The bombings are costing the United States the support of the civilian population, said Wardak, an independent not affiliated with a party who described herself as a moderate. “Every time this bombardment happens by drone, tomorrow we discuss this matter in the parliament. And I’m so sorry that when we discuss this matter, American country and their leadership, their soldiers, they are losing their popularity among the M.P.s and also among, especially, the people. Very much they are losing their popularity,” she said.
A new short film, to be released Thursday by Brave New Films and provided to the Huffington Post, interviews victims of those bombings. On Tuesday, the House of Representatives narrowly passed a bill to fund the wars in Afghanistan and Iraq with another $100 billion, over the objections of an antiwar faction of Democrats.
Be warned. It’s not pretty.
Radio Islam: Jacob Diliberto, Founding Member of Vets for Rethinking Afghanistan
By Radio Islam
Listen to full interview here:
¿Cómo hacer hablar a un terrorista? (How do you make a terrorist talk?)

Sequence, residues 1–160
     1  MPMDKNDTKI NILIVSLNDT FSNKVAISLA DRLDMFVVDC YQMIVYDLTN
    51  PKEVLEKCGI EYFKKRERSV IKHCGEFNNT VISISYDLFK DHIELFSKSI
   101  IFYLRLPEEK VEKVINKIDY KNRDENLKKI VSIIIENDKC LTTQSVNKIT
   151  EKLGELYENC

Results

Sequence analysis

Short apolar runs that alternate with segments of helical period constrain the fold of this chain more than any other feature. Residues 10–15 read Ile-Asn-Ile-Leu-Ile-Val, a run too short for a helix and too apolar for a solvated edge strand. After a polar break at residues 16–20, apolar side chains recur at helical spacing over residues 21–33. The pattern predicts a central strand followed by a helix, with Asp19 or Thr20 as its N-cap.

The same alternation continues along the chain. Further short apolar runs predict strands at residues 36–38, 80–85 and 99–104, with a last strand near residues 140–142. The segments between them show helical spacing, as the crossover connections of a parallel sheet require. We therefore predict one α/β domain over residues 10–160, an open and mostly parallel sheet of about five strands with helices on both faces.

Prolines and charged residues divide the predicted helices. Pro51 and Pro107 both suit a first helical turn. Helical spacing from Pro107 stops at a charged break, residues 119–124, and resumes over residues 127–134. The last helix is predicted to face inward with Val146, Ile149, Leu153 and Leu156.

By Jorge Morales Almada at La Ch
l hombre del turbante salió de la mesquita después de la primera oración del día. Era miércoles en el centro de Bagdad e ideal para que el equipo de espionaje del Ejército de Estados Unidos pasara desapercibido entre la multitud. Se trataba del jeque Abd al-Rahman, pieza clave para dar con el paradero de Abu Musab al-Zarqawi, líder en Irak de la red terrorista de al-Qaeda.
“Cuando se baje del automóvil blanco y se suba a uno azul, es que va a encontrarse con al-Zarqawi”, fue la pista que les dio un militante del grupo terrorista que había sido detenido por las tropas estadounidenses seis semanas antes de ese 7 de junio de 2006.